Archival photo of Rhone waterway

Lori Sonken (ACSF policy specialist) interviewed ACSF Faculty Fellow, Sara Pritchard (Science & Technology Studies), who examines the history of the transformation of France’s Rhône River 

Interview with Sara Pritchard

May 3, 2012

Archival photo of Rhone waterway

Lori Sonken (ACSF policy specialist) interviewed ACSF Faculty Fellow, Sara Pritchard (Science & Technology Studies), who examines the history of the transformation of France’s Rhône River since World War II.

How does your research relate to sustainability? Although I focus on water management in France’s history, the questions and debates I am wrestling with, such as who should benefit from these policies and projects, have present and future implications for the United States and globally.  If we think about technical systems as always being connected to the environment, then when we make technical choices we have to take the ecological dimensions into account.


Sara PritchardSara Pritchard (STS)

Since coming to Cornell in 2007, Sara Pritchard has taken full advantage of the benefits of cross-disciplinary engagement as befits a scholar whose research blends history, technology and the environment.

“By talking with colleagues across disciplines, you begin to see what your own discipline takes for granted and what others do not,” says Pritchard, an Assistant Professor in the Department of Science & Technology Studies.

Pritchard specializes in 20th-century France and the French empire.  Her current research focuses on the “circulation of hydraulic knowledge between France and French North Africa during the colonial and postcolonial eras. In other words, she studies the politics of water in the past and especially the role of water experts in that process.

Pritchard’s work spotlights the relationships between people, nature and technology.  She explores what she calls “envirotechnical” systems and landscapes to show how politics, culture, nature and technology interact with and transform one another, oftentimes with mixed benefits or even disastrous impacts, such as the March, 2011 nuclear disaster at Japan’s Fukushima Daiichi  power plant, that occurred in the wake of a devastating earthquake and tsunami.

“As an environmental historian, I have not only emphasized the nature of the technological system at Fukushima but also argued that we should think of these systems as envirotechnical to capture the ongoing ways that environmental processes shape and are shaped by technologies,” Pritchard writes in the journal Environmental History published earlier this year.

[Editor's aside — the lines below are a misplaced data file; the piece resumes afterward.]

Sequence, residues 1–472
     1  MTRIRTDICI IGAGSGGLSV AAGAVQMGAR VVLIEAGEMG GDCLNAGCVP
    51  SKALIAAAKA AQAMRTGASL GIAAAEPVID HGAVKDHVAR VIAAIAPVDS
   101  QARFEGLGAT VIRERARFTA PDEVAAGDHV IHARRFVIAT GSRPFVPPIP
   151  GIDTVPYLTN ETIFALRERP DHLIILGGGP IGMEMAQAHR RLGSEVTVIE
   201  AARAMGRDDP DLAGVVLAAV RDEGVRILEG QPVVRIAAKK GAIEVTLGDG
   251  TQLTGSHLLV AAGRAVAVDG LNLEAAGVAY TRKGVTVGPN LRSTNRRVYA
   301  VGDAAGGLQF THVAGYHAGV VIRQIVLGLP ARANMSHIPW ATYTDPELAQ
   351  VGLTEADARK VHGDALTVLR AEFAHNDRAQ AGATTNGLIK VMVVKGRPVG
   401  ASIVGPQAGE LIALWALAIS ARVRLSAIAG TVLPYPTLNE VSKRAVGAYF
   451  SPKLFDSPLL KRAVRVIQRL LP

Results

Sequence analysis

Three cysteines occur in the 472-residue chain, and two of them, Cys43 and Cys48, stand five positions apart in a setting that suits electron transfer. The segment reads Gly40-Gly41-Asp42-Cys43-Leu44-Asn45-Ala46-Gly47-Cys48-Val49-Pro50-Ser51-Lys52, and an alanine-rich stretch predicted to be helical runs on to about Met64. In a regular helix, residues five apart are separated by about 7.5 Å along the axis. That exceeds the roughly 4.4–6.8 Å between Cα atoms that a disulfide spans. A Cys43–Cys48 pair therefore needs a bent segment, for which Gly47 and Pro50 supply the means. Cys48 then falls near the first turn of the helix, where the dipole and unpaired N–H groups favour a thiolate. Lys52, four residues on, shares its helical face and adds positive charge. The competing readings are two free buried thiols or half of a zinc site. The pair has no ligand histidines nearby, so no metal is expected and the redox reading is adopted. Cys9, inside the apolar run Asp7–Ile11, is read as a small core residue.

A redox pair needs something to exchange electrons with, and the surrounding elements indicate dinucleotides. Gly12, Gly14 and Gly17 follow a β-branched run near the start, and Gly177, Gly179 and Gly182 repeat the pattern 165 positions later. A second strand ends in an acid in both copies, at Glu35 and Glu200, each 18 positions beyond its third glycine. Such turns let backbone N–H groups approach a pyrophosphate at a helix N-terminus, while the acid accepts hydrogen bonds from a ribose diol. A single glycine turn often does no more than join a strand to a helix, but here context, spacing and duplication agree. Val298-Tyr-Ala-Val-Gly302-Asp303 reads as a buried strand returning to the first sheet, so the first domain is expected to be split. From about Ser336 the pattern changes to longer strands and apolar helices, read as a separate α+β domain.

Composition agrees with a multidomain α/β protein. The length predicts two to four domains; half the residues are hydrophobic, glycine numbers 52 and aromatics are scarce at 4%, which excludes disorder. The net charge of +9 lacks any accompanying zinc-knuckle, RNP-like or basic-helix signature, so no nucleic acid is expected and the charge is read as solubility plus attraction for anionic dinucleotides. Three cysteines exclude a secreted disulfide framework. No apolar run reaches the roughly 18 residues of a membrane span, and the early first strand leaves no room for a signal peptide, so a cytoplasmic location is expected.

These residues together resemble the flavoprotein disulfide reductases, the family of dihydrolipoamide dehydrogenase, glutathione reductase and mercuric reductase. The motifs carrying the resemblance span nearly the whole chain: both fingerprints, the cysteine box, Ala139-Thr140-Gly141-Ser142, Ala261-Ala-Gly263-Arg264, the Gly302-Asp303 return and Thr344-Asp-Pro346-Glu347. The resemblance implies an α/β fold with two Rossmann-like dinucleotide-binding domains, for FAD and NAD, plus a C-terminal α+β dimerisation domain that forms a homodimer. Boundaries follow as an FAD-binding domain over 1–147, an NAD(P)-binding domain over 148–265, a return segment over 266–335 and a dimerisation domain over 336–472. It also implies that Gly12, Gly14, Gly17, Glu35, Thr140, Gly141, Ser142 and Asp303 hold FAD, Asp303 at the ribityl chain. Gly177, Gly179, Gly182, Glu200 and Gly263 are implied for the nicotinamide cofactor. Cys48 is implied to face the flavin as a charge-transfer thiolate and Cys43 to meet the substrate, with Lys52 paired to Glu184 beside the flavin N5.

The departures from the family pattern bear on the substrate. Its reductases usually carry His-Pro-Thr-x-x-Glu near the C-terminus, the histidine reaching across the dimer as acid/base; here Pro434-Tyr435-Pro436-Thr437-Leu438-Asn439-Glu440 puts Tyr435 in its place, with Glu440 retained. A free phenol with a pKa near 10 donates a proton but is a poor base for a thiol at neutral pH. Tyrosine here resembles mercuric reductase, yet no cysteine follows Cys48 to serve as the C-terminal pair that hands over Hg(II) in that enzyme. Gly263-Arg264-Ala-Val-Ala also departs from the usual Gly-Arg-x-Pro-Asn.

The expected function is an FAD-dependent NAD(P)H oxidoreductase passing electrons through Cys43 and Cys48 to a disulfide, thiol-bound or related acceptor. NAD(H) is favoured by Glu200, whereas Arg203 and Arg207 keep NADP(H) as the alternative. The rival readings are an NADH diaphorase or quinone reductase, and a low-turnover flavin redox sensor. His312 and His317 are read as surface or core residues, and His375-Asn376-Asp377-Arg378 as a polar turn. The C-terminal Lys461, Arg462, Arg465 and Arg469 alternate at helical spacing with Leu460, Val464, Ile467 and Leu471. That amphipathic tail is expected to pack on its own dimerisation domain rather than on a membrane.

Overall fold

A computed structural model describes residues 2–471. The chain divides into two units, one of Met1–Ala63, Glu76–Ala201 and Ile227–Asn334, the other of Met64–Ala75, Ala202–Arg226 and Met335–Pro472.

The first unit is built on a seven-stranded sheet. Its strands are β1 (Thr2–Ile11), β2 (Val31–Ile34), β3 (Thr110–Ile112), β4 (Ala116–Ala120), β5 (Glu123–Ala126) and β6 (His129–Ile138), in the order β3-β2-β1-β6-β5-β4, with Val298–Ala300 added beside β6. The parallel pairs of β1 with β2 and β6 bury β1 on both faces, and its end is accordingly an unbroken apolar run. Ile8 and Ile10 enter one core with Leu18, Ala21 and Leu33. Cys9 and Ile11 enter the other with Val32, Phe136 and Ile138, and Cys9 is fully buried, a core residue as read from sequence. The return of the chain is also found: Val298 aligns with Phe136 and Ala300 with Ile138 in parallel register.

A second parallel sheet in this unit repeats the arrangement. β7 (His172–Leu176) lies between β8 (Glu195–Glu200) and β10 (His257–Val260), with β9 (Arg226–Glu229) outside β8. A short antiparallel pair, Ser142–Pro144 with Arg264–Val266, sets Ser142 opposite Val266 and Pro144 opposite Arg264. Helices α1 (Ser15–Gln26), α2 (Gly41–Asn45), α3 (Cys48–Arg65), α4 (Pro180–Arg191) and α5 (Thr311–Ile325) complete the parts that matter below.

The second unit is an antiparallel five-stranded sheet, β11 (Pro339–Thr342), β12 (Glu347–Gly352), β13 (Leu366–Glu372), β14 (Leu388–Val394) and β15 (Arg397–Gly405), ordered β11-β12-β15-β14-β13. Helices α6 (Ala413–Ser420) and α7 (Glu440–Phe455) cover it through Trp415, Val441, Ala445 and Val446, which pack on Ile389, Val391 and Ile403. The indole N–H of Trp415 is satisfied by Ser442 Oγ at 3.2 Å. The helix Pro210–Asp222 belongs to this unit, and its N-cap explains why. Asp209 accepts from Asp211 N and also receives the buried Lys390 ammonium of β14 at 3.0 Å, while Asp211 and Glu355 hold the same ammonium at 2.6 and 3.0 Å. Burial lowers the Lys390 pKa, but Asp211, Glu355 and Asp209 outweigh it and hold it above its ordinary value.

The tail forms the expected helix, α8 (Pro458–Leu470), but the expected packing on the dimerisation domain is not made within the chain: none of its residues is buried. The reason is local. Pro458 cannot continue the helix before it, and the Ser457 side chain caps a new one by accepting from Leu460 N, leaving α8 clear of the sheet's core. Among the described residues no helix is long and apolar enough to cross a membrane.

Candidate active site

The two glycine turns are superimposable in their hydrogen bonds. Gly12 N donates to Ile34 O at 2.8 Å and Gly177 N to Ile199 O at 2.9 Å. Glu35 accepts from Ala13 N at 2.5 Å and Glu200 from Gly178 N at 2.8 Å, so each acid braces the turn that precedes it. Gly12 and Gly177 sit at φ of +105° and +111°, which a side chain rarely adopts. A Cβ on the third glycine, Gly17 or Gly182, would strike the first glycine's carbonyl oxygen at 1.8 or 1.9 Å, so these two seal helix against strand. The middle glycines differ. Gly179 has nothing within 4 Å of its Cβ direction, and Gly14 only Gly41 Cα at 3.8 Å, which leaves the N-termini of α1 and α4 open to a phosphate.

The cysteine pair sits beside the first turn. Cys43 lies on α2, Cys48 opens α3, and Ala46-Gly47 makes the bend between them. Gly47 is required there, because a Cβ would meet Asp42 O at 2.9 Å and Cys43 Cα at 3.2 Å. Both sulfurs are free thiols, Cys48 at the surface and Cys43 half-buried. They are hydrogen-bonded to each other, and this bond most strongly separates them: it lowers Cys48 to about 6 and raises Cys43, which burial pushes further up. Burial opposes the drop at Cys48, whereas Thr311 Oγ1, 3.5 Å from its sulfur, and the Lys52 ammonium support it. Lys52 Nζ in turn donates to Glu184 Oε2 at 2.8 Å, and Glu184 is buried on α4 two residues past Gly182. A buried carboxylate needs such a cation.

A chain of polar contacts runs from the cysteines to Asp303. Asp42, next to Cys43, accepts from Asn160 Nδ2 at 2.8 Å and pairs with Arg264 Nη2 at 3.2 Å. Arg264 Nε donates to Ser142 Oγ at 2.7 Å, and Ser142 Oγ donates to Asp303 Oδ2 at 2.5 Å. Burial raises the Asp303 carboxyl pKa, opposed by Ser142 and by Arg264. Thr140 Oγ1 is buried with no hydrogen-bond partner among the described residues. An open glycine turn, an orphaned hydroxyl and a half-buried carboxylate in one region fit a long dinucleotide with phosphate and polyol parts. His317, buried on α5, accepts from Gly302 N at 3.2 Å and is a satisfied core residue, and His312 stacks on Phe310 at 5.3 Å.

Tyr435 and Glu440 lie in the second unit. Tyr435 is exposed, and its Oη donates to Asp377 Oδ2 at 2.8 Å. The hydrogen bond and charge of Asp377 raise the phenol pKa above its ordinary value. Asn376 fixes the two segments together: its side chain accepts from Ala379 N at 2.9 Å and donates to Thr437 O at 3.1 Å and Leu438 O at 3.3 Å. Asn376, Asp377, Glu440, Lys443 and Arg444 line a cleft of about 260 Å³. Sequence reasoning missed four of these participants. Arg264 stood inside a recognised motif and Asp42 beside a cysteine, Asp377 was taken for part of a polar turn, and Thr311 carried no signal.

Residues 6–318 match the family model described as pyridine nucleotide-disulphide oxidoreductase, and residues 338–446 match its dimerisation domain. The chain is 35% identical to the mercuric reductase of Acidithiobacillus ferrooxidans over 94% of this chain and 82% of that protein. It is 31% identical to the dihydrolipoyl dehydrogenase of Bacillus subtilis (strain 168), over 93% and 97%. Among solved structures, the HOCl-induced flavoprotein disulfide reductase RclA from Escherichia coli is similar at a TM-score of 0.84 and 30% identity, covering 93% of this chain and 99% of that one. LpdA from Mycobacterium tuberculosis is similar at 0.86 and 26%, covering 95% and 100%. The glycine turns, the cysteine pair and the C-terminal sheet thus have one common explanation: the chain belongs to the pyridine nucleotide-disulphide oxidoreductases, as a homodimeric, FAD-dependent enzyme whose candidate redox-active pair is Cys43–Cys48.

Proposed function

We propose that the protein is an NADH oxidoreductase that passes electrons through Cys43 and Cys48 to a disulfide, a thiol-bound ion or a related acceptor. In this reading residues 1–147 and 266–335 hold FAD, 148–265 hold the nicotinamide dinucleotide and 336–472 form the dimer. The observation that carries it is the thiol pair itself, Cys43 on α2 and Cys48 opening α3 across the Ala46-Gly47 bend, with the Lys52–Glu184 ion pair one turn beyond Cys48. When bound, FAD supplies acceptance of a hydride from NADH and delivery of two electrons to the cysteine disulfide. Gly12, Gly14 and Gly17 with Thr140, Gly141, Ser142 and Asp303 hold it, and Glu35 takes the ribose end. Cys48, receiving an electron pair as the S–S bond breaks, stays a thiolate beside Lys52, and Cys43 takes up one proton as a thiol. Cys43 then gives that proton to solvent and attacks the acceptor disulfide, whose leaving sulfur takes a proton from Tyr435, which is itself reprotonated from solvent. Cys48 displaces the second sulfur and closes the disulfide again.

Her first book, Confluence, illustrates how politicians, scientific experts and ordinary people shaped and remade France’s Rhône River after World War II through the construction and operation of technologies designed to suit their shifting and often competing goals.

While her research highlights the past, she sees lessons relevant to contemporary issues, such as climate change. As politicians, scientists and activists turn to biofuels, wind and hydroelectricity to address global warming, she believes it’s important to understand these alternative energy sources have significant consequences for the species and ecosystems affected by their development.

“In reality, both carbon-based fuels and alternative energy are envirotechnical systems, a point that has been largely overlooked in recent debates. In contrast, an envirotechnical perspective situates these various forms of energy squarely within both “ecological” and “technological” systems, thereby facilitating comparisons among these difficult choices,” she writes in her book, Confluence.

In her view, policy makers would benefit from understanding more about the past; the end result would likely be informed and better decisions.

“In thinking about contemporary environmental debates and historical perspectives, it helps to understand how decisions made in the past are built into our society through things like water infrastructure and energy facilities.   We have built our lives around these technical systems that both reflect and reproduce relationships between people and the environment.  They are not easy to change for political, economic and cultural reasons,” she adds.

Given her multi-layered research agenda, Pritchard has found the Aktinson Center for a Sustainable Future a natural fit.

“I’m grateful for the ways the Atkinson Center brings together professors from different disciplines – all of which are trying to address important sustainability questions.  People get to know each other intellectually, personally, and professionally.”

–by Lori Sonken